But that's not what this post is about.
Rather, this one is about last weekend's 5K.
And, it's about 5Ks in general.
This was the 10th time I'd run a 5K. The time was not spectacular -- it was fifth-worst, almost the same as I was in July and September of last year. Clearly, I have been slacking off.
But -- I shaved 4 minutes off my time from July of this year. And, being fifth-worst is right in the middle for me. 42 - 43 minutes and change is pretty standard -- it takes some effort for me to hit 40 minutes and below (I've only finished at below the 40-minute mark one time so far). And -- just as importantly -- I enjoyed myself.
Oh and I beat thirteen other people: www.coolrunning.com/results/10/ma/Au
That in itself is a rarity. Now, most of those people were walking, but still! I am often last, or second to last, and this was not a very big field. I had every belief that I would be dead last.
But I wasn't, and I wasn't even the last one in the field of eight us women in our -- ahem -- forties.
But enough of yay me. How about some yay YOU?
Are you afraid to run? Are you concerned that you'll be slow, you'll be tired, you'll just look bad? Everyone will pass you, and will think, there goes that fat girl (or guy). No hope for 'em. Might as well give up and go eat Twinkies. What the heck are they thinking?? Kidding themselves, so sad to be so delusional.
That is just NOT what happens.
Now, I cannot vouch for what is in anybody's head, of course. But I can tell you that, unless you're racing against a bunch of eleven-year-olds, no one is going to say anything like that. No one will shunt you to the side and think you're hopeless. No one will laugh.
Instead, here's what happened to me. I ran at the end. Not a jog, but a flat out run. I try very hard to do that at the end of 5Ks, because it makes me feel better, not because I'm going to break any sort of a record or anything. It's the last 20 - 30 seconds or so, and I can see the finish line, so I run.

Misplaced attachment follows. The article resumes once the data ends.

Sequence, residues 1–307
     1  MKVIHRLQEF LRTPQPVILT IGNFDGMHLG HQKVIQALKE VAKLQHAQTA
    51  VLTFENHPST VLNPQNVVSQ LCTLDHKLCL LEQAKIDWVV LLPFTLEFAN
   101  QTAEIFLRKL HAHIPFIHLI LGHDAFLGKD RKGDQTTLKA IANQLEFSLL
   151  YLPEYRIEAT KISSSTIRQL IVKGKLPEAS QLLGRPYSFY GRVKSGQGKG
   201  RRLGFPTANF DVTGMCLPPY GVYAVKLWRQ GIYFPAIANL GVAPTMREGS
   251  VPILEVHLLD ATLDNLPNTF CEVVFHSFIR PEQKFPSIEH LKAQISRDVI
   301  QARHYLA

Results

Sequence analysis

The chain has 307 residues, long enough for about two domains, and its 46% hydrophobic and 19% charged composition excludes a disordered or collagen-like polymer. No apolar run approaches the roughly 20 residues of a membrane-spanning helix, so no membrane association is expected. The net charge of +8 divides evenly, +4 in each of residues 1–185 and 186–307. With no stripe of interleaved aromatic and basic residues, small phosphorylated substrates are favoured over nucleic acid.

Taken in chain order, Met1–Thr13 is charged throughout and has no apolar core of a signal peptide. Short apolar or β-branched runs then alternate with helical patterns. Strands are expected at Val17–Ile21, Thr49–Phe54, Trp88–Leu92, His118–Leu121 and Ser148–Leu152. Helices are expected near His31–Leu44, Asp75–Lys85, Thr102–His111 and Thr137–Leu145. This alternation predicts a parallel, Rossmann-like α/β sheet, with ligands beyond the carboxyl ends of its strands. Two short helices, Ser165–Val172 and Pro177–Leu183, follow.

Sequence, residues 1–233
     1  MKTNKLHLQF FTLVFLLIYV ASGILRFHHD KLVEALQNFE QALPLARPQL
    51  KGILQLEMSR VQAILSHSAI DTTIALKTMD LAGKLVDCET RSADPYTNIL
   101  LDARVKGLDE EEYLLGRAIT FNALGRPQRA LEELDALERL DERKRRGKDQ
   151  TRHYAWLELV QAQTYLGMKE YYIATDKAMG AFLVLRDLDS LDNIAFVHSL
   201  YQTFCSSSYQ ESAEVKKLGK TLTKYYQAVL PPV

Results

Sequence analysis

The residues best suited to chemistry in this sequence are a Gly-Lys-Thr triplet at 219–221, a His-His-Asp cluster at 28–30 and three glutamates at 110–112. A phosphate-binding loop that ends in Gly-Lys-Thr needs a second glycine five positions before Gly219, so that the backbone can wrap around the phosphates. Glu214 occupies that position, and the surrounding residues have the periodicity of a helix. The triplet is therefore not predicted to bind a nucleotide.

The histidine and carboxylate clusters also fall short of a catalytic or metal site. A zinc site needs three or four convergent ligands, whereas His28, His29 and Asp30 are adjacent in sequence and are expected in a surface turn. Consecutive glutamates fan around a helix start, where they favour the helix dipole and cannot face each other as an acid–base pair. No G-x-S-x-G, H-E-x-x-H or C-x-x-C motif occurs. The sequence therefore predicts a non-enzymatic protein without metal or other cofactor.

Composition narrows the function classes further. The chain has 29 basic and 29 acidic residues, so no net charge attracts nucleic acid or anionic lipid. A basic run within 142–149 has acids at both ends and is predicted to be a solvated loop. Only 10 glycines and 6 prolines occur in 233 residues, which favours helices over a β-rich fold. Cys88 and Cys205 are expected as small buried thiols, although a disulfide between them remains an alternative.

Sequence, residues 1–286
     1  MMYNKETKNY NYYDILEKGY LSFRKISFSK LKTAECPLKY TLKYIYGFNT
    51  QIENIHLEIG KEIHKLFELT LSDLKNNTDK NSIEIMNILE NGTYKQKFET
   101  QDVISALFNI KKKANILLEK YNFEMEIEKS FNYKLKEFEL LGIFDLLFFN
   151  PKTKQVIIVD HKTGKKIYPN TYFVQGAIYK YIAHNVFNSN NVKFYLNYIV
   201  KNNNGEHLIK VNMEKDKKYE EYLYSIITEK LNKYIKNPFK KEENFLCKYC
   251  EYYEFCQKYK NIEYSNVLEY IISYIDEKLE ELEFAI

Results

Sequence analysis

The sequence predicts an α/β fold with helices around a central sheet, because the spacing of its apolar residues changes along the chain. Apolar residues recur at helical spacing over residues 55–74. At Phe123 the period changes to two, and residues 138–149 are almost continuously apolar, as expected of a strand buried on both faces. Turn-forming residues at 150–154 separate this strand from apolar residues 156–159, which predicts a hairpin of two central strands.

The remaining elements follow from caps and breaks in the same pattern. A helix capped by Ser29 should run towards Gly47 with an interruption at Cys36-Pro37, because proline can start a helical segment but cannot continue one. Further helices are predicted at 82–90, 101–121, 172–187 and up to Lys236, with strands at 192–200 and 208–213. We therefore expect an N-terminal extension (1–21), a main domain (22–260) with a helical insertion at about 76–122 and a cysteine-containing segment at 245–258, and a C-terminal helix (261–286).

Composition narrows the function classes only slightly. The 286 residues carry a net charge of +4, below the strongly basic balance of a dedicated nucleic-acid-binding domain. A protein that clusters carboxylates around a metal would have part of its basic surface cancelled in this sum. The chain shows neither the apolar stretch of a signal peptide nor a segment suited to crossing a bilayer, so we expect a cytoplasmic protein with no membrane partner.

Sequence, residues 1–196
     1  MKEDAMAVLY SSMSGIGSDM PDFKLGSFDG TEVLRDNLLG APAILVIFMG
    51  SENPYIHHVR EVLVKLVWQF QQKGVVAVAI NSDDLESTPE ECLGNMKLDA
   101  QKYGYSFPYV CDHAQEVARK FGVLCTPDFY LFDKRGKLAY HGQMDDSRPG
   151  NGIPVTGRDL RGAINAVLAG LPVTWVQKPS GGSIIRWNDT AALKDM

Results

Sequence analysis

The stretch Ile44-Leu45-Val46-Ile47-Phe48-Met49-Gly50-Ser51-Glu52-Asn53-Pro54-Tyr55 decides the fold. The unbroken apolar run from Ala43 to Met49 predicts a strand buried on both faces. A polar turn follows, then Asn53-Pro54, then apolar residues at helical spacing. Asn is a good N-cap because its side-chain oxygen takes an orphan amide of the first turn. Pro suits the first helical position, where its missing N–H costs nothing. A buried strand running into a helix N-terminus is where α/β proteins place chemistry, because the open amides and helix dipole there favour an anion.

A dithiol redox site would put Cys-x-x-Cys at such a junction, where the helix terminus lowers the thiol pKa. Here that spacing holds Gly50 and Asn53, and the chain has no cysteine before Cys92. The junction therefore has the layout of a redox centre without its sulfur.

And, because I am often last, most of the people who are in the race are there. They are drinking their water or Gatorade, or enjoying a banana or some pretzels or whatever the Race Director has provided for the cost of the entry fee.
And -- get this -- they clap.
They freakin' cheer.
Now, I realize that, when I come in, it's time to award the medals or gift certificates or whatever, but they don't seem to be just mindlessly cheering (Hey, we get to leave soon!). No -- they call out encouragement: Go! Go! Go! and Strong Finish! and You Can Do It!
And I tell you, if I could switch places with them, and be there when they came in, I, too, would put down my water for a second and do the same.
This last time, because some people came in after me, I got the chance to do just that. And it feels awesome. Cheering works, and it's wonderful, whether you are doing it or hearing it. It totally rocks.
And, while I beat some people this time around, I may very well be dead last again at my next one (September 6th). If I am, so what? All that means is that I made everyone else a winner. And it means that everyone -- even Olympians -- not in the race came in behind me. So I have plenty to cheer about even if I am a good twenty minutes after the previous person.
YOU can feel this way, too.
YOU can do it.
Go! Go! Go! Strong Finish! You Can Do It!
You really can. Get out there and set aside your excuses and do it. It really is an incredible blast.
Go get 'em, Tiger.
Monday, August 16, 2010
Ha, I don't really want candy. I actually had to buy some for work, though. We're doing a booth show, and you have to attract people. So it's all about the chocolate. Small sigh. I do wish people would go ga-ga over fruit. Or that fruit would be cheaper and easier to keep (we're still trying to figure out if the booth will be outside. If it is -- in the Providence heat -- we will have chocolate soup after a while). Or that we didn't have to do this at all, that we'd just be loved for our robots.
But, alas, we are new and so you need to be a tad gimmicky. Plus, heh, I may be the only middle-aged Booth Babe out there. ;)
But -- this entry is not intended to really be about work, and it's not intended to be me railing against people preferring Snickers bars to blackberries.
Nuh-uh, gentle reader.
It is -- ha!
Welcome to another milestone, baby.
I am 169 pounds. This means I get to choose a new mini-goal. I've been selecting them in 10-lb. increments and this one will not be an exception. Hence my next mini-goal (on the way to the 146 Holy Grail) is to be 160.
Now, it took me 259 days to get here, but still!
It doesn't matter. I still got this far.
Now, about my measurements. I am recording them but I have not been broadcasting them, as they are fluctuating around pretty much the same numbers, and have been for months, so it doesn't exactly make for a too terribly thrilling news flash. This is fine, it is essentially normal and is also a part of me working out less. This makes the firming up part of the process happen considerably slower, and even reverse itself a bit. I am not too concerned about such things. I am a pretty solid size 12. I would like to be smaller, yes, but I am in far less of a hot hurry about such things these days.